While the Shrine Game rosters on offense are tilted toward the running backs, the talent on defense is spread out pretty evenly. Penn State outside linebacker Gerald Hodges should be the highest drafted player from this year's game. He's an excellent coverage linebacker who is strong enough to play the run.
Here are some notable players on defense to follow during Shrine Game practices
Craig Roh, DL, Michigan (West roster)
It's worth noting anytime someone is a four-year starter at Michigan. For Roh, it's notable because he started at outside linebacker before shifting down to end. He was also pushed inside to tackle during games and has played on special teams. Roh projects as a 3-4 end because he has a powerful base and long arms.
Devin Taylor, DE, South Carolina (East)
Taylor never had quite the career most expected at South Carolina. He was outshined by both Melvin Ingram and Jadeveon Clowney. While that's nothing to frown upon, Taylor has the kind of intriguing size (6-foot-8, 267 pounds) to expect much more. The knock on Taylor is that he has stiff hips and doesn't get around the edge particularly well.
AJ Klein, MLB, Iowa State (West)
Like a lot of college middle linebackers, Klein wracked up tackles in bunches. That's not what makes him a potential mid-round draft choice. It's Klein's ability to shift outside and cover the slot that will get him into the NFL.
Gerald Hodges, OLB, Penn State (East)
There are few better weak-side linebackers in this year's draft than Hodges. For teams needing a linebacker that can naturally drop into coverage, Hodges is a good one. This season he not only led Penn State in tackles but pass breakups as well. Hodges flows quickly to the ball if he can keep off blockers.
DeVonte Holloman, OLB, South Carolina (West)
Speaking of linebackers that can drop into coverage, Holloman is experienced doing that for South Carolina. Holloman often played a hybrid safety/linebacker spot for the Gamecocks and is a devastating hitter. he led South Carolina in interceptions this season with three and can get into the backfield.
Lerentee McCray, OLB, Florida (East)
Of all the pass rushers Texas A&M star left tackle Luke Joeckel faced this season, he said none was better than McCray. That's high praise for a player who had just 4.5 tackles for loss and three sacks this season. McCray played the Buck defensive end position for Florida, which was a hybrid linebacker/end spot. McCray has a powerful punch at the point of attack and looks to have good pure sped. He has a future as a 3-4 outside linebacker if he can improve his hand usage.
Sio Moore, OLB, Connecticut (East)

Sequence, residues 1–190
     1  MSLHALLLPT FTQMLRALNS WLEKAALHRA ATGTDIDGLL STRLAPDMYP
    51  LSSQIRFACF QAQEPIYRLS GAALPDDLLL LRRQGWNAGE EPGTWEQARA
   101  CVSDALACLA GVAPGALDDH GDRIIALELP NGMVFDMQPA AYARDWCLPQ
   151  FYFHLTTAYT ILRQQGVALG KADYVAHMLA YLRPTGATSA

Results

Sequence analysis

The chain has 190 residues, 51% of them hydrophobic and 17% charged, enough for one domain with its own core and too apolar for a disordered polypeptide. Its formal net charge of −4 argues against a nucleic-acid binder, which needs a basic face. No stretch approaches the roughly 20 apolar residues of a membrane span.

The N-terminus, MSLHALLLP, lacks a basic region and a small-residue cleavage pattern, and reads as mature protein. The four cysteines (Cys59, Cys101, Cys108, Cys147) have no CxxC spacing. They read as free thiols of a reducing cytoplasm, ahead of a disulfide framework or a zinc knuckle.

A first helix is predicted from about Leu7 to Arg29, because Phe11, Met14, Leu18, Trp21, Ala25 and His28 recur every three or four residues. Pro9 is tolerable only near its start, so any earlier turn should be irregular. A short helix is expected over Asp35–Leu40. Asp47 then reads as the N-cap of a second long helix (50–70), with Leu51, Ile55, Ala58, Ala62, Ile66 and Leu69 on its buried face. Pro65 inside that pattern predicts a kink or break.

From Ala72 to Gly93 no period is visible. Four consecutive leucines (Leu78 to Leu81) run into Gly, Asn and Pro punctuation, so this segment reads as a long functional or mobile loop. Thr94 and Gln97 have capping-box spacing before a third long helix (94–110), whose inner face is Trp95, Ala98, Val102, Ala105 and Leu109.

Although Moore was often lined up on the strong side of Connecticut's defense, he was frequently used in coverage. Moore had one of the better stat lines in football this season with 72 tackles, 15.5 tackles for loss, eight sacks and 11 pass breakups. Moore is a stellar pure athlete for a linebacker who will have to continue developing his technical traits.
Melvin White, CB, Louisiana-Lafayette (West)
With the success of Seattle's big cornerbacks, White will get plenty of looks early in the draft. He's a big cornerback at 6-foot-3 and can use his long arms to jam receivers at the line of scrimmage. White may not have had any interceptions this season, but that's partially due to teams avoiding the receivers he covered.
Shamarko Thomas, S, Syracuse (West)
Thomas is a physical safety who can play the run at the line, but he's athletic enough to drop into coverage. While his coverage technique is in need of improvement, Thomas can play both zone and man.
Players on offense that need to stand out:
Travis Johnson, DE, San Jose State (West)
The names at the top of sack and tackles for loss leaders are obvious: Jarvis Jones, Jadeveon Clowney and Will Sutton. But amongst them is Johnson, who finished his career with 27.5 tackles for loss and 19 sacks. During Shrine practices he'll have to prove he has a quick enough for first step to make it in the NFL. For linemen, that can often be a make or break trait.
Brandon McGee, CB, Miami (East)
While McGee may have never lived up to his blue chip status, there is talent there. He's arguably the most naturally gifted player in the Shrine Game this year and the kind of player who could be better in the NFL than college. To get the chance, though, he'll need to turn heads this week.
Terry Hawthorne, CB, Illinois (West)
Hawthorne didn't have quite the season most expected, but he has a nice combination of size and speed to play on the outside. He's a sure tackler as well and can be used to rush from the corner. What he needs to show during practice week is the ability to stick and run with opposing receivers.